- short-term licence renewal;
- imposing conditions of licence;
- requiring additional CCD contributions that are over and above those required by the Regulations or by existing conditions of licence;
- removing the ability to make CCD contributions to discretionary initiatives such as talent contests;Footnote 1
- requiring licensees to broadcast an announcement regarding their non-compliance, as set out in the appendix to this information bulletin;
- imposing mandatory orders;
- non-renewal of the licence;
- suspension of the licence;
- revocation the licence.
- When considering applications for licence amendments, the Commission will take into account the criteria set out above, i.e., the quantity, recurrence and seriousness of the non-compliance, as well as the relationship between the application for amendment and any instance of non-compliance. For example, the Commission could deny an application for an amendment to programming requirements by a licensee that is in non-compliance with its required level of Canadian musical selections.
- The need to call a licensee to a public hearing will also be determined based on the circumstances, the above-mentioned criteria and the licensee’s response to instances of non-compliance. It should be noted that, at any time during a licence term, the Commission can call a licensee to a hearing following a complaint received during the licence term, or on its own motion in response to other regulatory issues. The Commission could then impose the above-mentioned measures on the licensee as it deems appropriate.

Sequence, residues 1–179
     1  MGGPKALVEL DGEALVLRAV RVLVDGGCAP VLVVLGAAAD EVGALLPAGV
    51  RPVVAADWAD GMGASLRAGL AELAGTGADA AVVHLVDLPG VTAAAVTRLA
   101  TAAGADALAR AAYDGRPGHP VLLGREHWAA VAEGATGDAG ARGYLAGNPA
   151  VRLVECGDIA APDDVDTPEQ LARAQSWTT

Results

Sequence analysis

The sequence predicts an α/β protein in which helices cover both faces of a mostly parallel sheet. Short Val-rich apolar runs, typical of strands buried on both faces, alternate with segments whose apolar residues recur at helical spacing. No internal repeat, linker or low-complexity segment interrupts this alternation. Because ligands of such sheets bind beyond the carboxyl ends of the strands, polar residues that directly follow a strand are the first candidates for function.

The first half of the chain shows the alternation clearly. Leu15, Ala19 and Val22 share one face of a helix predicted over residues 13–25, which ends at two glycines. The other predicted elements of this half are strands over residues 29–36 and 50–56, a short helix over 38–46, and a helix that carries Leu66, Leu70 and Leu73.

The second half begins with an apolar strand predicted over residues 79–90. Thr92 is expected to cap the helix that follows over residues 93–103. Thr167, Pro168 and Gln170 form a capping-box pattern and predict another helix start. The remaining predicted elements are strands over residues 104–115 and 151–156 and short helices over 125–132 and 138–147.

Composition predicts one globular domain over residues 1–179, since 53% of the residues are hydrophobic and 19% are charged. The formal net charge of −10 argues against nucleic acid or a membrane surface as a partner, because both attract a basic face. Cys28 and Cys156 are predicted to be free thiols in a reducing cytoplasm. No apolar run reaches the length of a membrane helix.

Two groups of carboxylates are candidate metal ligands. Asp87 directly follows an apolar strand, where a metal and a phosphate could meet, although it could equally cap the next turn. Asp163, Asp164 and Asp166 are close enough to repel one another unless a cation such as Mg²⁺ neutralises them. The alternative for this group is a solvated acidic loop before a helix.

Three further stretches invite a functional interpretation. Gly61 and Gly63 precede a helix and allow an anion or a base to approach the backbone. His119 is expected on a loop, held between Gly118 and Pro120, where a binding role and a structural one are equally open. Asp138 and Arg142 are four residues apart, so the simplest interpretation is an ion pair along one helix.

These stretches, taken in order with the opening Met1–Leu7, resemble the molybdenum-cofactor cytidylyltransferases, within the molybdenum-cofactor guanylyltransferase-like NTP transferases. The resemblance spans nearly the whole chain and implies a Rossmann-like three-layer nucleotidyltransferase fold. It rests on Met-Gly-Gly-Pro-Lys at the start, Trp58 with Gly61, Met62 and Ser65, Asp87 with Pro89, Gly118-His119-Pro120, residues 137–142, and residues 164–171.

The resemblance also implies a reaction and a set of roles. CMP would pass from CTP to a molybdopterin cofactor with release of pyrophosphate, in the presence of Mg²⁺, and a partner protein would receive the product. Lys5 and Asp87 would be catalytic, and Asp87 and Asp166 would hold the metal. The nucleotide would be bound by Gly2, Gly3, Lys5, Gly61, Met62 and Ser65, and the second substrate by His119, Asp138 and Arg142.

- Annual returns, which are due on 30 November of each broadcast year, must be submitted in proper form and must include the necessary supporting documentation. Licensees can find further information concerning the filing of annual returns in Broadcasting Information Bulletin 2011-795.
- The Commission will also publish annual lists of stations in compliance and in non-compliance.
- A targeted policy review for the commercial radio sector, Broadcasting Regulatory Policy CRTC 2014-554, 28 October 2014
- Filing annual returns for radio programming undertakings, Broadcasting Information Bulletin CRTC 2011-795, 20 December 2011
- Revised approach to non-compliance by radio stations, Broadcasting Information Bulletin CRTC 2011-347, 26 May 2011
Appendix to Broadcasting Information Bulletin CRTC 2014-608
Announcement to be broadcast on-air when required by the Commission
Radio frequencies are a limited public resource. Holding a broadcasting licence is a privilege, and broadcasters are required to abide by a number of regulations and conditions of licence in order to operate a radio station.
In Broadcasting Decision 201X-XX, the CRTC determined this station is in non-compliance with the Radio Regulations, 1986 / its condition(s) of licence. The instance(s) of non-compliance occurred in 201X and is/are a recurring issue. (Station call letters) has put measures in place to ensure that the non-compliance in question does not reoccur.